Mayor Rahm Emanuel's proposal for an Infrastructure Trust passed the City Council Tuesday by a 41-7 vote. | Al Podgorski~Chicago Sun-Times
Updated: May 28, 2012 8:47AM
In tough times, people need enjoyable — and cheap — places where they can escape from grim economic realities.
Illinois’ state parks long have filled that role. We’re one of only seven states that don’t charge admission fees.
But being cheap isn’t enough. State parks also need to be accessible, well-maintained, safe and enjoyable. After years of steady budget cuts, that’s no longer possible in Illinois without new revenues.
Last month, the Illinois House passed a bill that would allow admission fees to be imposed at 324 state-owned natural sites, including all 122 state parks. The bill is now in the Senate, which has wisely amended it to allow the fee only on each car rather than on each of the 40 million to 45 million visitors to the parks each year. We hope the Senate version, which would raise $7 million to $8 million a year, is approved and goes to Gov. Pat Quinn, who supports it. The state parks need the money.
The Department of Natural Resources estimates the annual in-state admission fee would be $25 to $30, and an in-state daily pass would cost $5 to $7, starting next year.
The state’s budget squeeze in recent years has been tough on the parks. The Office of Land Management, the arm of the DNR that runs the parks, has lost 24 percent of its staff over the last five years. Funding for the office has been cut from $23 million in 2006 to $9 million last year. At some sites, hours have been reduced or particular areas awaiting maintenance have been roped off.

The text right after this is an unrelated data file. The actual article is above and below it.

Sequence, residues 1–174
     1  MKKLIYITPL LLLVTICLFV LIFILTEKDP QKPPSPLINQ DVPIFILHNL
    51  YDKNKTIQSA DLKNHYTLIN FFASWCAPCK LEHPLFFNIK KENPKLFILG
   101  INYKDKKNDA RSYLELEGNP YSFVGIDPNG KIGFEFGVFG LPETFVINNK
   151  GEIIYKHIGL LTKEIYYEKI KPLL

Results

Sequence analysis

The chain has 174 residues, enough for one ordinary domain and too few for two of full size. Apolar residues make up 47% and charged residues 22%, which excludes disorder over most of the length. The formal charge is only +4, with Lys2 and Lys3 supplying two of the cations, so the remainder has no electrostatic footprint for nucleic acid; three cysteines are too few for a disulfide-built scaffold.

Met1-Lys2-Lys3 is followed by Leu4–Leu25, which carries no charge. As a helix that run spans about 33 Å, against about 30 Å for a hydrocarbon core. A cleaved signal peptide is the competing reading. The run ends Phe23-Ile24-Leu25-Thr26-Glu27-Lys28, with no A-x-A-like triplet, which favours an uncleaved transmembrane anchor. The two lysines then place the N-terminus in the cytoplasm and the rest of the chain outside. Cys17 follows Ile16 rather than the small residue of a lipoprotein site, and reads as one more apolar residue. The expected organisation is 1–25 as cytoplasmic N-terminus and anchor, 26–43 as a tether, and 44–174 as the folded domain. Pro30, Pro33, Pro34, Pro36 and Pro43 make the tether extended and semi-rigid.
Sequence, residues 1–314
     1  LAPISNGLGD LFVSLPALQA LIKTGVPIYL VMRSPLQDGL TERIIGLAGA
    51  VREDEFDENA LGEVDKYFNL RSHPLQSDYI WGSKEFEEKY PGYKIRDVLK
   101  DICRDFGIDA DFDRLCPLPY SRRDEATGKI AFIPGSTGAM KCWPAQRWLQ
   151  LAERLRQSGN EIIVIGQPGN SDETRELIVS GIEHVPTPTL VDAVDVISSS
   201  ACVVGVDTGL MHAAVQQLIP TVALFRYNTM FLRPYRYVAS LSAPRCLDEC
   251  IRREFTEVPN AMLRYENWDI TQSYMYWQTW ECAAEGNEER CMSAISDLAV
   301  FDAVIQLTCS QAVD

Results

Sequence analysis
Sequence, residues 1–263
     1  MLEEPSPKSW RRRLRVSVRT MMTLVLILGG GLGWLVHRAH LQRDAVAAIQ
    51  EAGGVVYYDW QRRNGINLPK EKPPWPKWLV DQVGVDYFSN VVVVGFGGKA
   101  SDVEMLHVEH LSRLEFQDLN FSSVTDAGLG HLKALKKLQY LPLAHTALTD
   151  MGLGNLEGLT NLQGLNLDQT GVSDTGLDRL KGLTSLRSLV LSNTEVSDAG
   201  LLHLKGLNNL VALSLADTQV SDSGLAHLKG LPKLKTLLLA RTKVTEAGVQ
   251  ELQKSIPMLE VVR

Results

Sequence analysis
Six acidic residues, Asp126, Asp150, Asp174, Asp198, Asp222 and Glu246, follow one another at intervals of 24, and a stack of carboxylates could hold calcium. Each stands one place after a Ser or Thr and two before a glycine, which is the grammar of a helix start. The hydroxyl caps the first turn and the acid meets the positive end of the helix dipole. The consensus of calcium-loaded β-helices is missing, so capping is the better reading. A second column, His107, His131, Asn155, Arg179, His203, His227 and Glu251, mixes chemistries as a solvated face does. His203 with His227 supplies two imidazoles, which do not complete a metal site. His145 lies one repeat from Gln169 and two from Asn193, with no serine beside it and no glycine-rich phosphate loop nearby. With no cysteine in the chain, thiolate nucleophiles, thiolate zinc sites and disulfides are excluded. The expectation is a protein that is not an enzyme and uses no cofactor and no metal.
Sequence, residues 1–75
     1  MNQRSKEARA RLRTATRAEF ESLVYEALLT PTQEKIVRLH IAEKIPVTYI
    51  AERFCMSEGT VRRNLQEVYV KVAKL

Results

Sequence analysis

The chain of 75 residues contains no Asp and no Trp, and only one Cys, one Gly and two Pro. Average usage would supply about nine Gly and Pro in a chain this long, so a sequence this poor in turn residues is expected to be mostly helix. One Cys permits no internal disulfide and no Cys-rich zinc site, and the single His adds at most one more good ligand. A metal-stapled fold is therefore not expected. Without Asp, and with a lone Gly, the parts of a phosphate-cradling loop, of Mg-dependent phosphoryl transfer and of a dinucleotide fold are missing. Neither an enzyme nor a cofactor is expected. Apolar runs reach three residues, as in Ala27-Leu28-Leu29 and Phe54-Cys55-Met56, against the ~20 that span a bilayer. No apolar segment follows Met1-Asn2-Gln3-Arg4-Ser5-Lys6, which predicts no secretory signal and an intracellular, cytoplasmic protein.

In all, $750 million worth of deferred maintenance and repairs has piled up. After storms moved through Illinois Beach State Park last July, it took more than eight months to reopen the camping area because of a manpower shortage.
“We are in dire straits,” DNR Director Marc Miller says, “and we need help.”
It’s not easy to give up a tradition. Illinois has never charged for state park admission, with the exception of Wildlife Prairie Park near Peoria and some sites with beaches.
For people who are squeezed financially, the free admission may be what makes it possible to enjoy an excursion to a state park. But what good is free admission if budget constraints force park closures? Under Gov. Rod Blagojevich, several parks were shut down. Quinn reopened them when he took office.
Ideally, the DNR would have its own independent revenue stream that’s insulated from the state’s overburdened budget. Missouri’s state parks, for example, have a dedicated share of the state sales tax.
A similar slice of the sales tax isn’t in the cards in Illinois. But admission fees could serve the same purpose, as long as the Legislature ensures they aren’t offset by further cuts in state funding.